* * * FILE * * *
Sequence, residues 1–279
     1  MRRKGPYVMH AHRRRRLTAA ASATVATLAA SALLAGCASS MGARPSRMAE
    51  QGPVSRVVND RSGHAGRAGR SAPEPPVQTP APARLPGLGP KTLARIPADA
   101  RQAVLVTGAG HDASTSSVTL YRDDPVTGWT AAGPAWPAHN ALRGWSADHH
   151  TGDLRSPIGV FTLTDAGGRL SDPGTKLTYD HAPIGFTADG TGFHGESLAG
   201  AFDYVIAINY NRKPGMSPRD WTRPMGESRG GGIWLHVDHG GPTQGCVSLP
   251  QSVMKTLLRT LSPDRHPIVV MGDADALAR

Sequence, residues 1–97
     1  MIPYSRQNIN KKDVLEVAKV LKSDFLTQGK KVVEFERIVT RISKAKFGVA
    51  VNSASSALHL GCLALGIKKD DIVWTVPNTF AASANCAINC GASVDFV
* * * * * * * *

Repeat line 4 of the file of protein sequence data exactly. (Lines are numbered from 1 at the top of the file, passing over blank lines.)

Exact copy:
   101  RQAVLVTGAG HDASTSSVTL YRDDPVTGWT AAGPAWPAHN ALRGWSADHH